Etsy, taxes and selling personal vintage collection
February 26, 2016 9:32 AM   Subscribe

A friend and I are starting an Etsy store. We're planning to sell a bunch of vintage clothes I collected in the nineties but do not wear, and then move on to reselling. I am confused about the tax implications and the best process. You Are Not My Tax Lawyer, but....

....So the first large batch of stuff that we'll be selling is my personal stuff that I bought for personal use. Are the proceeds taxable given that I actually bought the things for myself in the first place?

For some of these things, I'll be making more or less what I paid. For several pieces, I anticipate making substantially more than I paid - but since I bought the darn things fifteen or twenty years ago, I have only a dim memory of what I paid in the first place. I'm sure I didn't pay, like, $150 for a dress, but whether I paid $25 or $40 is lost to time.

I'm pretty clear on how to handle the reselling - it may be a pain, but I at least understand what I need to do in terms of tracking what we paid upfront, tracking what we make, etc.
posted by Frowner to Work & Money (12 answers total) 4 users marked this as a favorite
Yes, you need to pay taxes on those items. Technically, any money you receive from selling on etsy/ebay/etc is taxable income.

The IRS rules are clear: you must pay taxes on all personal and business income and that includes money you make selling on Ebay.
You can get away with selling a few things here or there, because it's not worth the IRS's time to track down every 5 dollar beanie baby sale. If you plan to do this right (and you should, if it's going to be a side business), then you should pay your taxes, lest you feel the wrath of an auditor at some later date.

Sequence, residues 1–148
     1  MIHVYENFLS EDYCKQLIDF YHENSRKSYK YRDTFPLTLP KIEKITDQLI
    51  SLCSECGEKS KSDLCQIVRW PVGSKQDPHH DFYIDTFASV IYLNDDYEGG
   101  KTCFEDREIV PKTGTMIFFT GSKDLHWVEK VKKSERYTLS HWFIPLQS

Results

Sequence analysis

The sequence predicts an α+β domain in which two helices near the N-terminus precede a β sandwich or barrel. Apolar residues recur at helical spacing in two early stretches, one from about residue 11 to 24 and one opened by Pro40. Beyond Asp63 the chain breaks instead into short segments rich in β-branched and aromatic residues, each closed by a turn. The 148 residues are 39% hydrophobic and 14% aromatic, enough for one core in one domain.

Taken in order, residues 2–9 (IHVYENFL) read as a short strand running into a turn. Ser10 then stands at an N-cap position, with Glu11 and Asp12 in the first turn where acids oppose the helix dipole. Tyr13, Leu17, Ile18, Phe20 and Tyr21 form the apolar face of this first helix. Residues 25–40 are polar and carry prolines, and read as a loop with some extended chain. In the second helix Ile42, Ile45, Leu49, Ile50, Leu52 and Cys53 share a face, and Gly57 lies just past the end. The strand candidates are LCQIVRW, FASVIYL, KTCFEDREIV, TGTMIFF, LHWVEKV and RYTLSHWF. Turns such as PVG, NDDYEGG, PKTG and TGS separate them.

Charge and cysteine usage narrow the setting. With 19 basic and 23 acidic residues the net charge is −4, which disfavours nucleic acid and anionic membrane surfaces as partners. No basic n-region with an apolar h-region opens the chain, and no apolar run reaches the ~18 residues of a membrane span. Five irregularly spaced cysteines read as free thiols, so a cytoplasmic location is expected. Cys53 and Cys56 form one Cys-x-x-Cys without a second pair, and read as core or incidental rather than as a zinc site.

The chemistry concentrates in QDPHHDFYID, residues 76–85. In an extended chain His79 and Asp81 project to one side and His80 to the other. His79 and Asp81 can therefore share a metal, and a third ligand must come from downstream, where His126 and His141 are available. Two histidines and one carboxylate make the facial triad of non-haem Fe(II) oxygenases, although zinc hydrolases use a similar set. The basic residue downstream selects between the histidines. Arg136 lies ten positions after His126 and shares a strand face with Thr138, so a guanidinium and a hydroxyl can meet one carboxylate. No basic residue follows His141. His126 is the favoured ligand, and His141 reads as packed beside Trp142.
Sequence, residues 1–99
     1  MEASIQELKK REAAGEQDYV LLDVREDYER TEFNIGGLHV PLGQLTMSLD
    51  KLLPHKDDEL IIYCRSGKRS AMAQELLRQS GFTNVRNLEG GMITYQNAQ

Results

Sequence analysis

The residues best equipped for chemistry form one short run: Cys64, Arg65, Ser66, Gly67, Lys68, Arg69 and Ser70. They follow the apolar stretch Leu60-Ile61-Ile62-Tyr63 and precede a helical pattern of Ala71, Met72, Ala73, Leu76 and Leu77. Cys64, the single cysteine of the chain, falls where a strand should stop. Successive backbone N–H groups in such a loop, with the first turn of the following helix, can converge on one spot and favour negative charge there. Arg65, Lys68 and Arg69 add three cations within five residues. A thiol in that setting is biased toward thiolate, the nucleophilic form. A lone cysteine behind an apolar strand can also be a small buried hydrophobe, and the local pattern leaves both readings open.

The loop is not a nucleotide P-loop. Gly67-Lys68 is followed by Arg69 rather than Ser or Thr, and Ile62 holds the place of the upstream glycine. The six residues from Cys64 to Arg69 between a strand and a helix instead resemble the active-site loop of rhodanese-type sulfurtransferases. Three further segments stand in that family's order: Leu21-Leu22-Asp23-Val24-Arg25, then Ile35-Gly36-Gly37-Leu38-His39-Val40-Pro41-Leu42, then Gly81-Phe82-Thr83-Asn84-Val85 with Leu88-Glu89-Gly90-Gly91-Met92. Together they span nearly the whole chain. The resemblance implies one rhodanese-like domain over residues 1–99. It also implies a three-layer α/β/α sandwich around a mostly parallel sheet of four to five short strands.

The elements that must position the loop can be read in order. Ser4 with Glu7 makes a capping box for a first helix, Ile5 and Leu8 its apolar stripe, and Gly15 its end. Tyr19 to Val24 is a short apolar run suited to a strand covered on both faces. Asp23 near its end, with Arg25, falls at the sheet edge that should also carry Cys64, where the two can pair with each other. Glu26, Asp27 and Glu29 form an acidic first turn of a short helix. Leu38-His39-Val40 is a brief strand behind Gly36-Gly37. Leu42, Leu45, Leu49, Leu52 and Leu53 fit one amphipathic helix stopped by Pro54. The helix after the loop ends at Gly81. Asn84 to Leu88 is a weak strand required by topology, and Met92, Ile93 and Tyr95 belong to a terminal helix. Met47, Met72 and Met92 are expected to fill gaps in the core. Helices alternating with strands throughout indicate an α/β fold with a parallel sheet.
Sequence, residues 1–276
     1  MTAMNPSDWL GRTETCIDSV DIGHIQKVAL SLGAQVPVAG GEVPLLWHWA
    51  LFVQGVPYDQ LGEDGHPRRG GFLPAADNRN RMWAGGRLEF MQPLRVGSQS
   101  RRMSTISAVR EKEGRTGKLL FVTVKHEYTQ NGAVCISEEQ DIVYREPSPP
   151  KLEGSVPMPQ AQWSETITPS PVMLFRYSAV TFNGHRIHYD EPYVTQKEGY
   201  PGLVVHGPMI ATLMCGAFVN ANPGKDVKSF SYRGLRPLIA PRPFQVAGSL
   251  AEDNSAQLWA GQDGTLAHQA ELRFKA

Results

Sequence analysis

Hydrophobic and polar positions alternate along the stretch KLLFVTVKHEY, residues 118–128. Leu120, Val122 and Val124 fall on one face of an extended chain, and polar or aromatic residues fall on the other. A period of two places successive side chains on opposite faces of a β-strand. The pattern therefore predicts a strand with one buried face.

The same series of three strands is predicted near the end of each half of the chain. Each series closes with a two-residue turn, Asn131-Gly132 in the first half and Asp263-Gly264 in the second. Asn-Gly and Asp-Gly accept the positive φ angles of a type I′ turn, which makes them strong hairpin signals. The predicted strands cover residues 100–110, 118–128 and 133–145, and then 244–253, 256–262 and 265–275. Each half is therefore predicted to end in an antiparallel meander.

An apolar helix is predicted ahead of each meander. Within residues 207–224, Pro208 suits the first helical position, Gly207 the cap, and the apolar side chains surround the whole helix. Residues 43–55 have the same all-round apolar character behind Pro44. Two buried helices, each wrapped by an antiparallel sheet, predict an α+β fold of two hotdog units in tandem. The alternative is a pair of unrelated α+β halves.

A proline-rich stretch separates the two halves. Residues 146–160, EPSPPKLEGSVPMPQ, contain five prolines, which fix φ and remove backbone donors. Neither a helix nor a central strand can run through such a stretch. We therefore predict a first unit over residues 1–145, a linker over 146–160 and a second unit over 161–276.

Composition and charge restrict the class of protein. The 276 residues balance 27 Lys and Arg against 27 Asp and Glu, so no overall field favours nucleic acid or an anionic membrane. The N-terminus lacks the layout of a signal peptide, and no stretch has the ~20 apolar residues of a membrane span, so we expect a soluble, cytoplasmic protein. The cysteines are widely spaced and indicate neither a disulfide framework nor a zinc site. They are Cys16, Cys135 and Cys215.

posted by chrisamiller at 9:43 AM on February 26, 2016 [1 favorite]

Response by poster: Not to threadsit, but: How do I handle the "I don't remember the cost of the item in the first place" bit? If I'm running a business, I only pay taxes on the profit, I assume.
posted by Frowner at 9:46 AM on February 26, 2016

You need to figure out what sort of arrangements you will have with your friend before you can figure out the implications for your personal taxes.
posted by yohko at 9:48 AM on February 26, 2016 [2 favorites]

Your assumption isn't right, exactly. The income is taxable. It doesn't matter what you paid for that stuff 20 years ago, the money you make from it now is income. Moving forward as a business you can also have business expenses that can reduce the amount of tax you need to pay on income (i.e. make $1000 and have $200 of expenses and pay tax on $800) which might matter going forward but stuff that you already have and sell is just stuff you have and you owe taxes on the money you make.
posted by jessamyn at 9:48 AM on February 26, 2016 [5 favorites]

The money is not necessarily income, it may be capital gains. See this page from the IRS.
posted by Jahaza at 9:55 AM on February 26, 2016 [1 favorite]

You might also want to read Nolo on capital gains as well because my read of this page is that if you're using it as business property then it doesn't fit the description.
posted by jessamyn at 9:59 AM on February 26, 2016

Yeah all income isn't created equal, and I think the OP is asking about capital gains. You are liable for the capital gains on items you sell at a profit, even if they were initially purchased for your personal use - see "Sales of Appreciated Assets at an Online Auction" on this page. Collectibles and antiques are in their own category for capital gains - 28%, higher than regular income, and higher than regular capital gains. I don't know whether vintage clothes count as antiques.